A year or so later I introduced my then future husband to TWHF. In return he shared with me a song Phil Keaggy wrote, using a poem Lewis composed long before the ideas became the brilliant, little known Till We Have Faces. Here are the words:
All this is flashy rhetoric about loving you.
I never had a selfless thought since I was born.
I am mercenary and self-seeking through and through:
I want God, you, all friends, merely to serve my turn.
Peace, re-assurance, pleasure, are the goals I seek,
I cannot crawl one inch outside my proper skin:
I talk of love –a scholar’s parrot may talk Greek–
But, self-imprisoned, always end where I begin.
Only that now you have taught me (but how late) my lack.
I see the chasm. And everything you are was making
My heart into a bridge by which I might get back
From exile, and grow man. And now the bridge is breaking.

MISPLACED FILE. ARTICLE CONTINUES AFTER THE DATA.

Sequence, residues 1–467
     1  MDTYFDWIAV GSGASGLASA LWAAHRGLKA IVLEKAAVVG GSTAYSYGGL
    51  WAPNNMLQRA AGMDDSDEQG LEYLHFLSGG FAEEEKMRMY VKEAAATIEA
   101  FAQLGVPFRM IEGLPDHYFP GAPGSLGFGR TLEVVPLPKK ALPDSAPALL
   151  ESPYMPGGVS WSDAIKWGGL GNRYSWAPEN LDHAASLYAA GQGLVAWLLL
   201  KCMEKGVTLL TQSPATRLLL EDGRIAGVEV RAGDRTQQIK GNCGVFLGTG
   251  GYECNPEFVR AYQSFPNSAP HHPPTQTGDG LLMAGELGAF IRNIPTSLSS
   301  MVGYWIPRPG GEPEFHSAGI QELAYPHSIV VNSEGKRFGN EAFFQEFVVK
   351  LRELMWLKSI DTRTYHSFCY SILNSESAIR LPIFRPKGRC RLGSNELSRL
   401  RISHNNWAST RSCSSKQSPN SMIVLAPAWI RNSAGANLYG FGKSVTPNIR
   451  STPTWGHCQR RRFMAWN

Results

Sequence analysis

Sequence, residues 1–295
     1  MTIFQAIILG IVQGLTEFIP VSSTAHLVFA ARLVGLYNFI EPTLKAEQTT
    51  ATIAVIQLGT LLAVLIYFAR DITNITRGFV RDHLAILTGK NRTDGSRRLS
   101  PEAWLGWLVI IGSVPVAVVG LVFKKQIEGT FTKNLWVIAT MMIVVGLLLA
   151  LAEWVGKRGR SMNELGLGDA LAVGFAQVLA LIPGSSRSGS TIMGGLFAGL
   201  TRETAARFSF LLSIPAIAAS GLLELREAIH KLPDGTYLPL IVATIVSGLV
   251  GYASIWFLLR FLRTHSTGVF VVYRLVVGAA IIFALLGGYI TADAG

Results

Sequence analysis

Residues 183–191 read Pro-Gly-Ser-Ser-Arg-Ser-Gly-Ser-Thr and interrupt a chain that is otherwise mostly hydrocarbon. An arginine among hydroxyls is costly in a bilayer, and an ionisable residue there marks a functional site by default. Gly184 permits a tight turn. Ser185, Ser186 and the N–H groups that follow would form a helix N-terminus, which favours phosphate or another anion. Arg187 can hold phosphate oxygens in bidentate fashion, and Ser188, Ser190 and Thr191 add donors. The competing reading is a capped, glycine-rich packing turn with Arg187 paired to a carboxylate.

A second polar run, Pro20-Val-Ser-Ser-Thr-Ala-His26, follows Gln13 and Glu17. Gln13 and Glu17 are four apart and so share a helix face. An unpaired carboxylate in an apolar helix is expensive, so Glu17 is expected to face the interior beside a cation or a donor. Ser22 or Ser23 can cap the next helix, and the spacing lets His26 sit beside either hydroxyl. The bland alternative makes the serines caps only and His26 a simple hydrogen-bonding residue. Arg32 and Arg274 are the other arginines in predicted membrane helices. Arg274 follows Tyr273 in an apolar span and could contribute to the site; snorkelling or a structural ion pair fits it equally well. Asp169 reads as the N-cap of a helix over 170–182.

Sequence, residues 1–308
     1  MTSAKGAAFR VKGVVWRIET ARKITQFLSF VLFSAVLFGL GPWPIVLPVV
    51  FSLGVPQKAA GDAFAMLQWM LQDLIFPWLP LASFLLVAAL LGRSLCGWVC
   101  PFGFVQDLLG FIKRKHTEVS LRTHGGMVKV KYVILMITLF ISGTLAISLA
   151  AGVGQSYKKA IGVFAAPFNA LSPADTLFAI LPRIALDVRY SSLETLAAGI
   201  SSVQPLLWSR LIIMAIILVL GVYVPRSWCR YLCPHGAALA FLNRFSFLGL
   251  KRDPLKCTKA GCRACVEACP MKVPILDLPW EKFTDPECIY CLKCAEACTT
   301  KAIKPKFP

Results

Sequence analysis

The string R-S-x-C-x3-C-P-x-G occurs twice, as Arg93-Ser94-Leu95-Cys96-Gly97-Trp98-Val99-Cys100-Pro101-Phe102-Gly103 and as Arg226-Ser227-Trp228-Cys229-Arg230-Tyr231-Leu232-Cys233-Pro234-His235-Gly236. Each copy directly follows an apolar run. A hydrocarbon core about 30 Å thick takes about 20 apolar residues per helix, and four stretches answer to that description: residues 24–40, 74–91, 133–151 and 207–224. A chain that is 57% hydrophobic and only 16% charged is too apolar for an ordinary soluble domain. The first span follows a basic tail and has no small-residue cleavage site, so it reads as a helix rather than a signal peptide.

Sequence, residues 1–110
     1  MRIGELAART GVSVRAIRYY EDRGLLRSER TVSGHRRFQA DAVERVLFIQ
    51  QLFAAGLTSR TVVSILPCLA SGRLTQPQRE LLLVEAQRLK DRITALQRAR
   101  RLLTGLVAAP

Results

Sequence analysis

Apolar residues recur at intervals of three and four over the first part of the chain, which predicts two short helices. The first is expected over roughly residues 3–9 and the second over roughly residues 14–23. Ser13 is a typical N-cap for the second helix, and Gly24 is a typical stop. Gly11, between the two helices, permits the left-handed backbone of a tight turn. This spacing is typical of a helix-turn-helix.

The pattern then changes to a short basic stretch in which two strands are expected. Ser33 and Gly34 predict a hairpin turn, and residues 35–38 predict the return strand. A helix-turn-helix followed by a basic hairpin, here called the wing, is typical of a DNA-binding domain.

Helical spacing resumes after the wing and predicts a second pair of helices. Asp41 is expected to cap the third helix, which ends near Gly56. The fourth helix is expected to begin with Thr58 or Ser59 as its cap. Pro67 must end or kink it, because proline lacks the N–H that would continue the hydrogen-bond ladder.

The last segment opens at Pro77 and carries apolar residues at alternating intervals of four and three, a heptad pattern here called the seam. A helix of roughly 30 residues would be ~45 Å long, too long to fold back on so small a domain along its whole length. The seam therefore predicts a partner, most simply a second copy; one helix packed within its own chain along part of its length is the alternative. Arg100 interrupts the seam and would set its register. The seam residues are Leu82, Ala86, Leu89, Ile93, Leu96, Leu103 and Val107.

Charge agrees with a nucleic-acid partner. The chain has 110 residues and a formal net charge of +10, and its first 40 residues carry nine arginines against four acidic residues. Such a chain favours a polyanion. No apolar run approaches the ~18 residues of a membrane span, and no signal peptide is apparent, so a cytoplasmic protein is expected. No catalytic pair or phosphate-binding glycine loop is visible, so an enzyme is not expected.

For this I bless you as the ruin falls. The pains
You give me are more precious than all other gains.
It seems that Lewis can truly relate to Orual’s struggle in coming to know God, not merely know of Him.
Why do you think this extraordinary novel is so little known compared to his other fiction?
Betsy: There’s a large percentage of C. S. Lewis fans that come to his works through Narnia as children. Most of the remaining fans come to his work as an adult seeking to read his theological/philosophical works. Till We Have Faces (and the Space Trilogy, to a lesser extent) falls right in the middle. It’s also more complex than either his Narnia series or many of his theological/philosophical works in the sense that it demands much of the reader: we must bring all our academic and intellectual faculties to mind and our imaginations. The Great Divorce and The Screwtape Letters approach this level, but they are a bit more straightforward as an allegory.